Subaquatic and Terrestrial Investigations into the Early Neolithic of the Zwischenahner Meer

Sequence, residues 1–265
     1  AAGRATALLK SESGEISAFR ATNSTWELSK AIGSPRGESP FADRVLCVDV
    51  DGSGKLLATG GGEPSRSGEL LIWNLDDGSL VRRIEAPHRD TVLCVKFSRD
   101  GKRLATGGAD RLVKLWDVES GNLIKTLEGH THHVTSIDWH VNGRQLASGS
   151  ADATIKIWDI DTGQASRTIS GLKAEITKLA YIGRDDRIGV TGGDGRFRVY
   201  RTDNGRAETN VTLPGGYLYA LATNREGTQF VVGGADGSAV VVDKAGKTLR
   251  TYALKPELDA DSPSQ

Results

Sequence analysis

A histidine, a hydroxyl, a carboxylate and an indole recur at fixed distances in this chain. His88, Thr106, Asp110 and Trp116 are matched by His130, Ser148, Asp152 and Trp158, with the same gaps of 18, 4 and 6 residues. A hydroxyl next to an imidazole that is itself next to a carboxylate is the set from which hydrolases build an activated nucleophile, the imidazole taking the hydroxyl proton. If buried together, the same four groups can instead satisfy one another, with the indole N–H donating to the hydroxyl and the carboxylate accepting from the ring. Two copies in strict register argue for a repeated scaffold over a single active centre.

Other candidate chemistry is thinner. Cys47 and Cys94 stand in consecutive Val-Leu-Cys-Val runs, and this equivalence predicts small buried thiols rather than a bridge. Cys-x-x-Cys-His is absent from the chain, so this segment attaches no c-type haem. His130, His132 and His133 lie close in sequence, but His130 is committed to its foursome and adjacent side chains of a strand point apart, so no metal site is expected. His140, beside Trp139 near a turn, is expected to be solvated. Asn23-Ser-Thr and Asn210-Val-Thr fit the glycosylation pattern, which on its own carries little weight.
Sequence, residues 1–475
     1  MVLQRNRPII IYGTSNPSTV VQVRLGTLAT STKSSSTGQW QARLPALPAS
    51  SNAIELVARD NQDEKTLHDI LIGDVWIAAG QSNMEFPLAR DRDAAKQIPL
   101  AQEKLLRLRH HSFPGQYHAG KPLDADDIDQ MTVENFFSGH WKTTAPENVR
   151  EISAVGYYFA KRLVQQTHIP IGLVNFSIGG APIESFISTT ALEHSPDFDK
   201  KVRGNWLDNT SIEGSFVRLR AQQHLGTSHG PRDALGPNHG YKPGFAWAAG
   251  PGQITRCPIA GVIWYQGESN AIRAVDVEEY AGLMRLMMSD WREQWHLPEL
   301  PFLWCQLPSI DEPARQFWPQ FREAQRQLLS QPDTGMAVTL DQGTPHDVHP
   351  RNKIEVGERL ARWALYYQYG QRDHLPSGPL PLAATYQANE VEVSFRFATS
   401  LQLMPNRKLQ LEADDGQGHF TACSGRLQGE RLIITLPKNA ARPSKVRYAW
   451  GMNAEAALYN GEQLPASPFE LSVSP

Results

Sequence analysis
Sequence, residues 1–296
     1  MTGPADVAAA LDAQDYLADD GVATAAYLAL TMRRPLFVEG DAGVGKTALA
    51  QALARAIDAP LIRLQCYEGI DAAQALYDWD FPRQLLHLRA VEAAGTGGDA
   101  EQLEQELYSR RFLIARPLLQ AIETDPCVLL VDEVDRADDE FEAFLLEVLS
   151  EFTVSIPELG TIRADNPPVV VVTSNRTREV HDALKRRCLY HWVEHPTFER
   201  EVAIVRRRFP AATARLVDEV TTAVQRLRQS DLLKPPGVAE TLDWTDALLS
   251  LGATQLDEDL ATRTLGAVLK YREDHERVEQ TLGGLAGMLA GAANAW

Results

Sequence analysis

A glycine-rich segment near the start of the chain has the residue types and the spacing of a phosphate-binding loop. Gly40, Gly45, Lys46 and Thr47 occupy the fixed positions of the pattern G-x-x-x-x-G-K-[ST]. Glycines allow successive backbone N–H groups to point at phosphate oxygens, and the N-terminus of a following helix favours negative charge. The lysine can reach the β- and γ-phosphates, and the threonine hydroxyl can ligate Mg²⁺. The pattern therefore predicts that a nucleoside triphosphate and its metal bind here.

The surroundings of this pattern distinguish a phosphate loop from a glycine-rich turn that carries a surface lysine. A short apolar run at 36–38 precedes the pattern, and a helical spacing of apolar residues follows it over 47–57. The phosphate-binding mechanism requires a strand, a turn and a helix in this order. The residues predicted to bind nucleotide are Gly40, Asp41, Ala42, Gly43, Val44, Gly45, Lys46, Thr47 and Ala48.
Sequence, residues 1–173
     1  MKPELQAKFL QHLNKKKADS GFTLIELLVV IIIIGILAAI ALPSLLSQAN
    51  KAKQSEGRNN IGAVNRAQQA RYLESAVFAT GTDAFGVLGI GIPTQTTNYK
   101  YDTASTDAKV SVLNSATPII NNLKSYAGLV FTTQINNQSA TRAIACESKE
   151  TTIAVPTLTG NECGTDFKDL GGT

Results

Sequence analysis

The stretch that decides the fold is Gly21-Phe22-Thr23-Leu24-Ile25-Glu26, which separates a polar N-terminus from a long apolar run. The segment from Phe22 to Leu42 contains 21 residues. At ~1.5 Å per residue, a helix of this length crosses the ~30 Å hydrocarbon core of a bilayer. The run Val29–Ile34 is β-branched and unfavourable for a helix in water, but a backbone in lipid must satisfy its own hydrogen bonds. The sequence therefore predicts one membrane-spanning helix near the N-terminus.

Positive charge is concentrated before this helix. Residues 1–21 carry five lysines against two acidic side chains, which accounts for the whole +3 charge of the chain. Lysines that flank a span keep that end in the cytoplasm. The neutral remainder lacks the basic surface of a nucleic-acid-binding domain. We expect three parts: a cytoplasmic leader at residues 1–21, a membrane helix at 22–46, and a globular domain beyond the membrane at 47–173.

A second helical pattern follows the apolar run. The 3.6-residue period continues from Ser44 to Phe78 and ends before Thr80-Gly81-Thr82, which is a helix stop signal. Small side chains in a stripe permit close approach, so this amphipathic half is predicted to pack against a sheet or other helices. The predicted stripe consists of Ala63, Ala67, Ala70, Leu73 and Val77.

Between 5000 BC and 3500 BC Northern Europe witnessed a drastic change from a way of life based on foraging to one based on production. Due to a lack of relevant finds from many parts of present-day Lower Saxony it remains unclear how exactly this development took place. Individual objects of this period, discovered in the area of the Zwischenahner Meer as early as the 1950ies, are therefore all the more significant. The project aims to assess this region’s potential to study the process of Neolithisation and gather some initial evidence about its progression. The project, which is funded by the Lower Saxony Ministry for Science and Culture (MWK) as part of the funding programme Pro*Niedersachsen, will include evaluations and sondages on land and under water. The archaeological work will be carried out by Dr. Svea Mahlstedt. She will be supported for queries regarding landscape formation by Imke Brandt, M.A., Dr. Annette Siegmüller and Dr. Dirk Enters. The study will predominantly involve pedological augering, investigations of landscape archaeology, geophysical surveys and archaeological sondages on land and under water. Over the course of the project so far, Mesolithic stone implements and settlement remains have been located both under water and close to the shore. The discovery of an occupation layer with remarkably good organic preservation conditions is particularly significant. This layer, discovered during underwater archaeological investigations, was found to contain some flint tools alongside remains of hazelnut and water chestnut. Radiocarbon determinations of this layer returned a date range covering the 5th and 6th millennia BC. Further information is available here.



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